Just sayin’. You do the writing, and you should be paid more than a pittance for it.

As I told a youngster at a writer’s conference one time, Do you know what writers would do if there were no editors or publishers?

They would write.

But do you know what editors and publishers would do if there were no writers?

You want fries with that? (grin)

Talk with you again soon.

Of Interest

Write Only For Yourself

The Numbers

The Journal……………………………… 850

Writing of “The Mahogany Sea “ Based on an inlaid-wood picture

Day 1…… 3182 words. To date…… 3182 (done)

Fiction for September…………………… 57362
Fiction for 2023………………………… 209671
Fiction since August 1………………… 114911
Nonfiction for September……………… 20590
Nonfiction for the year……………… 195060
Annual consumable words………… 398079

2023 Novels to Date……………………… 4
2023 Novellas to Date…………………… 0
2023 Short Stories to Date……………… 6
Novels (since Oct 19, 2014)…………… 75
Novellas (since Nov 1, 2015)…………… 9
Short stories (since Apr 15, 2014)… 234
Short story collections…………………… 31

Disclaimer: I am a prolific professional fiction writer. On this blog I teach Writing Into the Dark and adherence to Heinlein’s Rules. Unreasoning fear and the myths of writing will slow your progress as a writer or stop you cold. I will never teach the myths on this blog.

8 thoughts on “A Brief History of Publishing, and Story Lengths”

  1. Can I get a “Hallelujah” for this post? Freedom from imposed length requirements may be the best thing about the New Golden Age.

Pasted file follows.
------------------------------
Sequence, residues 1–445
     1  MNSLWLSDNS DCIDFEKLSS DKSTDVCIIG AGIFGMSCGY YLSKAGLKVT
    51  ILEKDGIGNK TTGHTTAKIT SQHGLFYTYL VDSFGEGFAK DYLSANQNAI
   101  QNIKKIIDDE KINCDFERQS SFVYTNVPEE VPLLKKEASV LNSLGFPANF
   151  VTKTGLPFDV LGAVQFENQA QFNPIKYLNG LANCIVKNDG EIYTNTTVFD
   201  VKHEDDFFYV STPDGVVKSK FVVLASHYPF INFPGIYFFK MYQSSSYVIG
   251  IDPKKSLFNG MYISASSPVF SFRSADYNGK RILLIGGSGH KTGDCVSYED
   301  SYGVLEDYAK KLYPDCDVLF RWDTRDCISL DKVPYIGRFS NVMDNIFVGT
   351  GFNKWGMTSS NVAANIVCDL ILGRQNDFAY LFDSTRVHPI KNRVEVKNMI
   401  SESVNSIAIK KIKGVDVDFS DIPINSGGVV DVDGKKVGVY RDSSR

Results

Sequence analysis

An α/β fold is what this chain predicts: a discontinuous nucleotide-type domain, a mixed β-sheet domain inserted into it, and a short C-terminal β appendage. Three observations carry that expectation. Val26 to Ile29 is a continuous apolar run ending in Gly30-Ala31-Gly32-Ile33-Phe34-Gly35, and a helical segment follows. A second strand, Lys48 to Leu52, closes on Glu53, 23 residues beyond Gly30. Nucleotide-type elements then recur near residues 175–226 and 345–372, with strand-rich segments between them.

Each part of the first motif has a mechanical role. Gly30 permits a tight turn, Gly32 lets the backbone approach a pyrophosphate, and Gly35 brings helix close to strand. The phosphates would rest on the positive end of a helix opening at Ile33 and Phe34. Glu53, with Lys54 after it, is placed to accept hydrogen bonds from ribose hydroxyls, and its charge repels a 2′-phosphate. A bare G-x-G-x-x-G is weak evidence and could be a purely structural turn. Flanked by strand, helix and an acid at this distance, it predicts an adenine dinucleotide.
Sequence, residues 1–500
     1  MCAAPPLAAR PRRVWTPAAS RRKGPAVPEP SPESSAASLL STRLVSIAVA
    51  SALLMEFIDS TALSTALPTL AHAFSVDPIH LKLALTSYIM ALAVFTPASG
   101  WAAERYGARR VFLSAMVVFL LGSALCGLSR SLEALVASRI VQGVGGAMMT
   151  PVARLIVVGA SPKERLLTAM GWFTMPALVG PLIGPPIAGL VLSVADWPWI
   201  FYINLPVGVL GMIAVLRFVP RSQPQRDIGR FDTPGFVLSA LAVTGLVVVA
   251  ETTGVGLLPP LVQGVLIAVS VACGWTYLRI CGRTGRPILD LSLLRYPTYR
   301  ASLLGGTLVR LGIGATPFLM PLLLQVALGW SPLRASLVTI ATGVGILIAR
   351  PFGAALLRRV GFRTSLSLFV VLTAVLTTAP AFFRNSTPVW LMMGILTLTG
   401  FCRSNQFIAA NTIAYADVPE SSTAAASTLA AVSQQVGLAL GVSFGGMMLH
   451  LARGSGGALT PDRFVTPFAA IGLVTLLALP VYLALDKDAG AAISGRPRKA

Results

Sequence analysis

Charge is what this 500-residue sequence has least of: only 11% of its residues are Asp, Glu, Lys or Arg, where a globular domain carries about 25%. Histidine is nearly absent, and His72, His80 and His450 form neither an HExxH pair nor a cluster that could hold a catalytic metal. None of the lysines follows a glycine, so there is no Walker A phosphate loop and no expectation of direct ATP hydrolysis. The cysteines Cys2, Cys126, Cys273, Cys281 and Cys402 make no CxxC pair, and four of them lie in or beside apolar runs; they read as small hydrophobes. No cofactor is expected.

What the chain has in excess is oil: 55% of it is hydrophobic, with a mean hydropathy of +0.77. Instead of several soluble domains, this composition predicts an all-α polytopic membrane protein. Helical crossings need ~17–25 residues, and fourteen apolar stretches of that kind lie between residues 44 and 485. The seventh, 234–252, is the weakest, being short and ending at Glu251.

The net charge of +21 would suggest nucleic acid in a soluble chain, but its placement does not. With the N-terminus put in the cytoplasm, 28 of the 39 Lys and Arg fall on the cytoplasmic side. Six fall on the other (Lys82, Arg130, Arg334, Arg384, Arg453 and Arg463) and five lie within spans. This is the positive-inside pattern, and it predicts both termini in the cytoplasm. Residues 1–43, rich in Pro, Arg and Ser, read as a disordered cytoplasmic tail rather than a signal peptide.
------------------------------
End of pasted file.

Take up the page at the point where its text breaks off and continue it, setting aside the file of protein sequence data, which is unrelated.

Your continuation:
2. publiction – noun. a newly coined terminology used by independent writers to indicate ownership of their intellectual property upon publication; eg. a typo contraction of public-fiction. Also possibly a back-formation of public and infliction.

  3. Great article though, sir.

    Ha ha, ya. I won’t take all the credit. It is your word or typo. “Plus publiction to paper” (grin)

  4. Hey Harvey, good post as always. I did wonder though if you meant 1,000 words for flash fiction, instead of 100, which might be more of a micro fiction length?

    • Thanks for the comment, Todd, and the question. But nope. First time I heard of flash fiction, the term “micro-fiction” hadn’t come around yet. Flash fiction is anything up to 100 words, including the title. It’s a great form if you want to see Character, Setting, Conflict and Resolution working in a small space. I liken it to watching four large fish swim in a 5-gallon bucket vs. a 100-gallon bucket (short story) or a pond or lake (novel). (grin)

      For an even greater challenge, there use to be a magazine (might still be) devoted to “55 Fiction.” Every story had to contain those four elements and be exactly 55 words, again, including the title. Of course, when you write that tightly, much is implied. One of my 55-word flash fiction stories (“At Confession”) was actually adapted into a film, and then into another film later. Great fun.